What Dreams Are Made Of

Polyamorous Love Song

A review of Polyamorous Love Song by Jacob Wren

Published on August 26, 2014

To enter the world of Jacob Wren’s novel Polyamorous Love Song is to enter a bizarre yet compelling dreamscape, a parallel universe where everyone is an artist (regardless of whether they produce physical artwork or not) and where revolutionaries don mascot uniforms and risk death for their cause, the politics of which are left ambiguous. A thrilling though at times disturbing read, it is flirtatious and experimental, unconcerned with literary convention, and unapologetically playful yet utterly serious. 

One of several narrators – the one who is writing this book and possibly also the one who shares a first name with the author – has a theory about artists: they are “not necessarily the most creative or inspired individuals in any given community.” Rather, they are “those individuals most willing to exploit their own creativity and inspiration, most willing to gain personal profit from their unconscious and its emanations, those with the most missionary zeal for the dissemination of their own idiosyncratic perspectives.”

Polyamorous Love Song
Jacob Wren

Book Thug

In the book, Wren, an interdisciplinary writer and performer, explores the possibilities and boundaries of art making and the relationship between artists and the larger world, thereby questioning artists’ responsibility toward their audience and the ethics of incorporating real life into art. The novel is made up of several narratives that, at times, intersect, and the perspective shifts from character to character, a technique that seems to borrow from “a kind of dream therapy in which one takes turns placing oneself inside each of the different characters within a remembered dream.” This is most obvious when the initial first-person narrator is later found in a basement chained to a radiator, as seen through the eyes of another character.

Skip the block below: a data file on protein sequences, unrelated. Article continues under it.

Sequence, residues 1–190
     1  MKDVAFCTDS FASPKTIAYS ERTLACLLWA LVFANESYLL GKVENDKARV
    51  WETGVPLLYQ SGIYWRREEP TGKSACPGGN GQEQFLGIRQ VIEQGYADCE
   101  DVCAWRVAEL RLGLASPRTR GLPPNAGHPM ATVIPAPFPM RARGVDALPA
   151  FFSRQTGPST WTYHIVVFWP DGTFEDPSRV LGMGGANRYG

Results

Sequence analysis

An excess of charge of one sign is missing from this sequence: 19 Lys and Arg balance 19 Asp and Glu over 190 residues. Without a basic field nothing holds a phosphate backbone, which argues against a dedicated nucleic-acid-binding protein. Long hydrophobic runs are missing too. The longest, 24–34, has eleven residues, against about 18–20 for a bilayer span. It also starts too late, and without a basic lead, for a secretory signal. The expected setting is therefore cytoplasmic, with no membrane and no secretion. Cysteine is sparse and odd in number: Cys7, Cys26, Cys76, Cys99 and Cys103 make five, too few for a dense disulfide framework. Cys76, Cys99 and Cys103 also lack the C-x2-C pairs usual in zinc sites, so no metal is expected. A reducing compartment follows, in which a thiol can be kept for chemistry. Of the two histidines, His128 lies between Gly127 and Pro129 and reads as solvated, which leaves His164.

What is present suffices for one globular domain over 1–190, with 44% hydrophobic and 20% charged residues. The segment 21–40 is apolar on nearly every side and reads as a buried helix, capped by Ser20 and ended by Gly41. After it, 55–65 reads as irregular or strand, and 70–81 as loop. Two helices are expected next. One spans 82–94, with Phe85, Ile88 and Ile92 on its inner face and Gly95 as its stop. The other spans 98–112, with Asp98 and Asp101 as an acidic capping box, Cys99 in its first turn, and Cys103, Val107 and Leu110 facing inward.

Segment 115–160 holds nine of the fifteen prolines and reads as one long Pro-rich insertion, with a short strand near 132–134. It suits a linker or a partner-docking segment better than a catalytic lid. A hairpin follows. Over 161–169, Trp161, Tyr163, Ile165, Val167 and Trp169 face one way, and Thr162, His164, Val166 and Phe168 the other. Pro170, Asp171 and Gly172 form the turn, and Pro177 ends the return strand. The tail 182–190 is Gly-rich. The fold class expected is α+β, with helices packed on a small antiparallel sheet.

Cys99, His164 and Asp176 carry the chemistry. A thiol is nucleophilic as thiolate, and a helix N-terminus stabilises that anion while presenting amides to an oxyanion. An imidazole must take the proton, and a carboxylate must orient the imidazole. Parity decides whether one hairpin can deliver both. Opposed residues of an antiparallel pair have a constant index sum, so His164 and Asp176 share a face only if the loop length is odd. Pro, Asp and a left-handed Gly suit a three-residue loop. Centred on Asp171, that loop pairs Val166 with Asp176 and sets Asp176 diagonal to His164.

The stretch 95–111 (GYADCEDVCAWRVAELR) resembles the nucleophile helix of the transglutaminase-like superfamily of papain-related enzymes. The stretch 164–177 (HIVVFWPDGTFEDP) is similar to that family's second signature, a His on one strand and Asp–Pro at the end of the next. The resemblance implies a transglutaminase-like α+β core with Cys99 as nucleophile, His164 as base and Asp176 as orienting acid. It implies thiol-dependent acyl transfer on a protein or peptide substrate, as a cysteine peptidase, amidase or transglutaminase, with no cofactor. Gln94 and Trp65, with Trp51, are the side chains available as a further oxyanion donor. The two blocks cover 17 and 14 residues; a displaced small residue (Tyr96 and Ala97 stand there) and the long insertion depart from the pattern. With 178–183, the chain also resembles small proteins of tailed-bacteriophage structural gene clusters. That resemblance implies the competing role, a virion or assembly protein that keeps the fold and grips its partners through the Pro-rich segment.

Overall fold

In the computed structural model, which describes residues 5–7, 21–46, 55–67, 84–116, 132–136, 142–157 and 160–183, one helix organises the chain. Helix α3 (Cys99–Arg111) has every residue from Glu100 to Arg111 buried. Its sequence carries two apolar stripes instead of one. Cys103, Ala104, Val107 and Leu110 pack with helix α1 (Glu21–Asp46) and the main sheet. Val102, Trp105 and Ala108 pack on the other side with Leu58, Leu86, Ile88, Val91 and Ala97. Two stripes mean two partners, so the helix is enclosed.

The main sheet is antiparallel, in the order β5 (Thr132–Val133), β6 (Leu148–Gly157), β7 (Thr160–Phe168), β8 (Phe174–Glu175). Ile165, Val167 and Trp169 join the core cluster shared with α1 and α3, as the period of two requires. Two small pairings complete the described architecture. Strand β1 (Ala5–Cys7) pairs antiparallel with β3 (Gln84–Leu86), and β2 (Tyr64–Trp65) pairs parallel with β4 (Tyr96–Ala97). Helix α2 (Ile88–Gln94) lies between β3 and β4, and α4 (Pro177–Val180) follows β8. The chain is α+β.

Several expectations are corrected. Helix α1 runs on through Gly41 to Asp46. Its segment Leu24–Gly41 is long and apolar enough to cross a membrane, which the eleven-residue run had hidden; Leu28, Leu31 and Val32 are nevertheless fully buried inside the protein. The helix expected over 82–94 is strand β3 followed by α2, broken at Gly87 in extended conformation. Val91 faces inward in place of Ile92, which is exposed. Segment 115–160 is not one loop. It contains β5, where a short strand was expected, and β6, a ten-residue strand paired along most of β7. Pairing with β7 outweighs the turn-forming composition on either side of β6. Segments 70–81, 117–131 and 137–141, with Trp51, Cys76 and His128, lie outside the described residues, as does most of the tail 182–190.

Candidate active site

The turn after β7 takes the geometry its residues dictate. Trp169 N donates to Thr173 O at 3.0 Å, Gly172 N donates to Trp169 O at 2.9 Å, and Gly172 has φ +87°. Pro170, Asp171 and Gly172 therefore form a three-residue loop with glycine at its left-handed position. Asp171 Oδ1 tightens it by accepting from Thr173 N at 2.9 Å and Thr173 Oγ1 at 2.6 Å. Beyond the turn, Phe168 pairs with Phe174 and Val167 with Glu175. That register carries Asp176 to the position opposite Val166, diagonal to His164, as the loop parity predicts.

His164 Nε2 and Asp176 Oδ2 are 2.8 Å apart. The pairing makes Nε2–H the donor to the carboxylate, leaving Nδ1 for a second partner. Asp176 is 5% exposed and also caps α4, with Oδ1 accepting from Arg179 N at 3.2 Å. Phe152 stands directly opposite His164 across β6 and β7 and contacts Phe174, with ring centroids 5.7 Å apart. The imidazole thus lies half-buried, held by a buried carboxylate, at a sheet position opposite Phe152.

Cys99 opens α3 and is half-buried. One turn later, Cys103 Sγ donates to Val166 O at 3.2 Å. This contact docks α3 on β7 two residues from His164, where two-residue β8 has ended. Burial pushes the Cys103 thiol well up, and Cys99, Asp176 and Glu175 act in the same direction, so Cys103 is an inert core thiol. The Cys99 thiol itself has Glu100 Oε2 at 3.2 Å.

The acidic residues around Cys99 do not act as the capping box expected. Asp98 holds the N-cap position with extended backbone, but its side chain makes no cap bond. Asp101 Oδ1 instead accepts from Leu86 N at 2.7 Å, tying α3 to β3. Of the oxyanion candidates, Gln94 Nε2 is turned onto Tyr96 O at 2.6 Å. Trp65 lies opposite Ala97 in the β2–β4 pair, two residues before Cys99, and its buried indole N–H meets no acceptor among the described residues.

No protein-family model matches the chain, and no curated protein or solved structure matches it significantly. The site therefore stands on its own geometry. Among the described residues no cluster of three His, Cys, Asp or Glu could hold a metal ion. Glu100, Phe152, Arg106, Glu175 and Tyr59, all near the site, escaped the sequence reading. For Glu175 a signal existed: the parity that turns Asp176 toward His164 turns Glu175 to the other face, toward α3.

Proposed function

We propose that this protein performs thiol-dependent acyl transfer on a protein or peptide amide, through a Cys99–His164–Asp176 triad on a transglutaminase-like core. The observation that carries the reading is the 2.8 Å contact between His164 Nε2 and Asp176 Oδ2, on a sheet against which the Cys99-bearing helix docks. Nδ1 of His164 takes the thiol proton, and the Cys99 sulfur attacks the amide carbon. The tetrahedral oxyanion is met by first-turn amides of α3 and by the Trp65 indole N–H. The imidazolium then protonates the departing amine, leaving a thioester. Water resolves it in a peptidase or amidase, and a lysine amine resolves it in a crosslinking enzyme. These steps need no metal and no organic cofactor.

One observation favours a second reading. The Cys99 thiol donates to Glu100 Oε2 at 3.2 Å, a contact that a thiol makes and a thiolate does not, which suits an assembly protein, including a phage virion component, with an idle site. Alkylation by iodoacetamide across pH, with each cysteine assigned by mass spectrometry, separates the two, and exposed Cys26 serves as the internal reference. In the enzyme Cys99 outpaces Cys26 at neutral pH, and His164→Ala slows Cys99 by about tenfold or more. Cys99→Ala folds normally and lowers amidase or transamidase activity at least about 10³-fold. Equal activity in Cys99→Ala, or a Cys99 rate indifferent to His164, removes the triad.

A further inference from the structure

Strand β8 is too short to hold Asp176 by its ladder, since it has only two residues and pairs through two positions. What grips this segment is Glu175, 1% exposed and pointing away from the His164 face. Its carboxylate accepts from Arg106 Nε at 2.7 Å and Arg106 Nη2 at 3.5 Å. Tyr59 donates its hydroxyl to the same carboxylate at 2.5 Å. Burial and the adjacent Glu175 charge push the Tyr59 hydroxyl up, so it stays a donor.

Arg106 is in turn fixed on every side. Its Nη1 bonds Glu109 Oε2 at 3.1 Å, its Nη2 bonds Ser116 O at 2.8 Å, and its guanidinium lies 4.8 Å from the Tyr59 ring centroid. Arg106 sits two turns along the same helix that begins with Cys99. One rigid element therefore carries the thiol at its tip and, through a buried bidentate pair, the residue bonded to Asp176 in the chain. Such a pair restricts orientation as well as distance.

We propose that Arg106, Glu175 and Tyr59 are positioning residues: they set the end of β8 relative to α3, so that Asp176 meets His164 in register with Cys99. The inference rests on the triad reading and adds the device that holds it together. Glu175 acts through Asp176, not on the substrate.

First we meet Filmmaker A, who, after a “crisis of faith,” goes on to found a new type of filmmaking. Based on her example, “‘filmmaking’ becomes slang for scripting your life as if it were a movie, and then, throughout the process of such scripting, enacting quite naturally and casually each of the scenes you write.” The line between life and art becomes increasingly blurred: “This is the film,” Filmmaker A yells at her girlfriend Silvia during an argument. “What we’re doing now, this is the film.”

Parallel to and overlapping with the narrative of Filmmaker A is the story of the Mascot Front, a “shadow organization” of revolutionaries who live their lives mainly in uniform, and a group of new filmmaking devotees, individuals who drink a daily cocktail that allows them to remember phone numbers, suppress jealousy, and remain in a state of sexual arousal for what seems like nearly around-the-clock sex with other members of the group.

Though the prose could arguably stand the occasional tightening, its looseness and quasi stream of consciousness is also part of the appeal. This story wouldn’t be properly expressed in perfectly wrought prose, but only in the imperfectly beautiful, in the fragmented, honest, and raw. Polyamorous Love Song isn’t a book for everyone, but it’s likely to appeal to fans of art theory, performance art, and Chris Kraus, to those who like their narratives obscure and bold with a smattering of sex and violence.

Lesley Trites is the author of the story collection A Three-Tiered Pastel Dream (Véhicule Press) and the new associate editor of the Montreal Review of Books.



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